Living and working in Los Angeles – the reality (NZ INC)

Tim McCready

Through no fault of their own, New Zealand (and even different parts of America) have a cartoonish view of cities in the United States. People tend to think of Los Angeles solely as Hollywood and made up of “fake” people. New Zealand companies – particularly those involved in technology, think of San Francisco or Silicon Valley as their default launchpad.

The United States is a very large country – a market of markets – and it is very important to consider that it may be Austin, Seattle, or Los Angeles could offer the best opportunity.

The reality is that Hollywood is highly visible, but makes up only a fraction of LA’s economy. The vast majority of marketing money for Los Angeles goes into tourism. The tourism dollar for the city is so valuable that it has made it difficult for the start-up community to shine.

LA is the third largest tech ecosystem in the United States (behind Los Angeles and New York), but it is the fastest growing. 12% of early-stage start-ups are located in Los Angeles, and there is now a large number of companies including Snapchat ($10B), SpaceX ($5B), Beats ($3B and aquired by Apple) and Oculus ($2B and acquired by Facebook) that were built in Los Angeles.

Los Angeles is the largest manufacturing centre in the United States, and a hub for aerospace, logistics, clean technology and innovation. Los Angeles port is the largest seaport in the western hemisphere. Southern California graduates the most engineers in the United States from some of the most prominent schools, including USC, UC San Diego, UC Santa Barbara, UCLA and others.

Los Angeles Mayor, Eric Garcetti, describes Los Angeles as ‘the western capital of North America, the northern capital of Latin America, and the eastern capital of the Pacific Rim’.

Despite all of this, there is no denying that Los Angeles is the creative capital of the United States, specialising in video content. One in seven people in LA are employed in a creative field. It is the number one metro area for art, design and media employment, and the creative industry provides more than $140B of annual economic impact to the city.

Video and content start-ups are succeeding in Los Angeles. Maker is the number one producer and distributor of online video, with 6.5 billion monthly views and 450 million subscribers. DeviantArt is the leading artist social network, and Mitu Networks is the largest online Latino video network.

New Zealand’s fastest growing export is IP. It grows at 10-15% each year, and has done so since the GFC. The United States is our number one intellectual property export market. Venture Capital companies in New Zealand do not have the scale of connectedness as capital that comes from the United States. It is important to think about the people behind capital – the right objective shouldn’t be to raise $5-10 million. The right objective is to find the capital provider that can help your business grow in line with its strategic objectives.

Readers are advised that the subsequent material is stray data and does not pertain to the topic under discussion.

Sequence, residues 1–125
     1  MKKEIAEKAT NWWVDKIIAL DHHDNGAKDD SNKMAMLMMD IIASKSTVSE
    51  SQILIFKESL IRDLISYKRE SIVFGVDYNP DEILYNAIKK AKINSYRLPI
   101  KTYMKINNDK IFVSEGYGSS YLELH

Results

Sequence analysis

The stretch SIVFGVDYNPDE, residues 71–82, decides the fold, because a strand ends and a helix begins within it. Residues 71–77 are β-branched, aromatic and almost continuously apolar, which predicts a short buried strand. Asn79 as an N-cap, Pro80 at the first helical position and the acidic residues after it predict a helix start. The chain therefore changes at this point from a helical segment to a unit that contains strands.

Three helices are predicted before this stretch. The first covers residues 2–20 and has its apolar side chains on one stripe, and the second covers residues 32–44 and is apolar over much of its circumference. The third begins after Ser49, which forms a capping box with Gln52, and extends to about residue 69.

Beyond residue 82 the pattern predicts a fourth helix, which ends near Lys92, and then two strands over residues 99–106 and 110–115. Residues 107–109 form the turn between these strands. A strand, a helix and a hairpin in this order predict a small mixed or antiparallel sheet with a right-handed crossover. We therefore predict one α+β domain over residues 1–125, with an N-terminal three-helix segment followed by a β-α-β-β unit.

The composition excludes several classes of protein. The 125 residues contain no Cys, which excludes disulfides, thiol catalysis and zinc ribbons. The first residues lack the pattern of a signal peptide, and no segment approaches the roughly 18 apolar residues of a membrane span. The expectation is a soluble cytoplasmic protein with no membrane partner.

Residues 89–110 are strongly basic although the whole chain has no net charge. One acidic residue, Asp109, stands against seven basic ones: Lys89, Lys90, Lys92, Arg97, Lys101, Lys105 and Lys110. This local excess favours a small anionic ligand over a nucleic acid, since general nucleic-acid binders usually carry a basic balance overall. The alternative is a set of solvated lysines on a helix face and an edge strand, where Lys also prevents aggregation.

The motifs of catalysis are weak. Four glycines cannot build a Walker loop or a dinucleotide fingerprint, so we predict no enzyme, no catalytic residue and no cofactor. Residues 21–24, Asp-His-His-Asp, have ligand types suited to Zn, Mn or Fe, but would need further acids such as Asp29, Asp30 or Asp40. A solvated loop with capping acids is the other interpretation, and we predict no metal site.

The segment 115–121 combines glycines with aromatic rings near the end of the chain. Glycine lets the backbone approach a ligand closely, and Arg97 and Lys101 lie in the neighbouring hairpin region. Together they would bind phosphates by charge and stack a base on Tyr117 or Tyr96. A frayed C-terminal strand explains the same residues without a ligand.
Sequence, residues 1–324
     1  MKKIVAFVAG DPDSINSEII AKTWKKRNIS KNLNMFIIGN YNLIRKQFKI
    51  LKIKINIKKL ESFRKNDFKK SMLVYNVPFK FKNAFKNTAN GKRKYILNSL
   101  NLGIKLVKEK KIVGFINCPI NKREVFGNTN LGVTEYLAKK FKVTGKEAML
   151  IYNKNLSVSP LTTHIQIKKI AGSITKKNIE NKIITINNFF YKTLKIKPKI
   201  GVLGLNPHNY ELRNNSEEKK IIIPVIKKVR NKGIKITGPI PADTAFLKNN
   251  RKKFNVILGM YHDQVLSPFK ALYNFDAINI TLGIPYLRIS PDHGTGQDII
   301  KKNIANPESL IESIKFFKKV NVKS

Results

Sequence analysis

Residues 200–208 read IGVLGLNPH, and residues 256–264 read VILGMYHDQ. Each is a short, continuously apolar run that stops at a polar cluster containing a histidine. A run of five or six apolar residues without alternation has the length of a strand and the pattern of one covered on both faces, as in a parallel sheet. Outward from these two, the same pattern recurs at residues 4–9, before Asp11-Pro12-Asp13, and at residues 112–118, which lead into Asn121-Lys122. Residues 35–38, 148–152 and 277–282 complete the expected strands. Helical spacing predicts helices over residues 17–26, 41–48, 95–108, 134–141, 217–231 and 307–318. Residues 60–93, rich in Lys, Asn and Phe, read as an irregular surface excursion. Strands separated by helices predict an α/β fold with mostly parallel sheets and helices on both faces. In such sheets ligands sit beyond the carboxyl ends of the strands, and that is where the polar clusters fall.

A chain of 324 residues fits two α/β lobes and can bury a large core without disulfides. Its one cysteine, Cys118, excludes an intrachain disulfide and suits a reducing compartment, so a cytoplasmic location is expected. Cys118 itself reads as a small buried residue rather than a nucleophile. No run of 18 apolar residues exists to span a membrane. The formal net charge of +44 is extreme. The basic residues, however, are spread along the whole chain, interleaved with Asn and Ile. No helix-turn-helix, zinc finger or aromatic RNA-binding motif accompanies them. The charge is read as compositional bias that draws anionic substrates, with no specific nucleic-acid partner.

The stereotype about Los Angeles traffic is largely true, but if you can base your office near the people you want to attract for work, it is very easy to have a choice about where you base yourself. There is no one tech hub. Pasadena, Silicon Beach, USC, UCLA, Santa Monica all have significant human capital, infrastructure, and co-working spaces.

Los Angeles can offer a great lifestyle. LA is a city of cities – it offers a beach lifestyle, Hollywood, an urban downtown experience, hiking, and ski fields close by. Los Angeles has 300 days of sunshine every year and is offers more affordable living compared to other tech centres like San Francisco or New York City.

Without forgetting that California is currently facing one of the most severe droughts on record, a water metaphor was used to describe the nuances of Los Angeles which stuck with me. “New York is a river, Los Angeles is a lake”.

If you step outside in New York you will naturally go somewhere, because the city itself will take you and it is simple to navigate. In Los Angeles, to get anywhere you have to actively swim there, or you risk never getting anywhere at all. It’s a city that increasingly unfolds as you spend more time there.

But that’s what makes it so exciting.

NZ INC. traveled with the Auckland business delegation to the tripartite summit in Los Angeles. Representatives from 43 Auckland businesses took part in the inaugural Tripartite Economic Alliance Summit in Los Angeles. This follows the signing in November 2014 of an alliance designed to boost economic co-operation between Auckland, Guangzhou and Los Angeles. Len Brown and councillors Bill Cashmore and Denise Krum led the delegation. Auckland Council organised it with the support of Auckland Tourism, Events and Economic Development (ATEED), NZTE and MFAT.

Media contact at Auckland Council: Glyn Jones 021 475897
ATEED (Auckland Tourism Events & Economic Development)
NZTE (New Zealand Trade & Enterprise)

From Soju to Sauvignon blanc – Korean FTA (NZ INC)

Tim McCready

When the New Zealand – Korea free trade agreement signed in March enters into force, tariffs will be eliminated on 48% of current goods. New Zealand’s exports to Korea current attract $229 million every year in duties.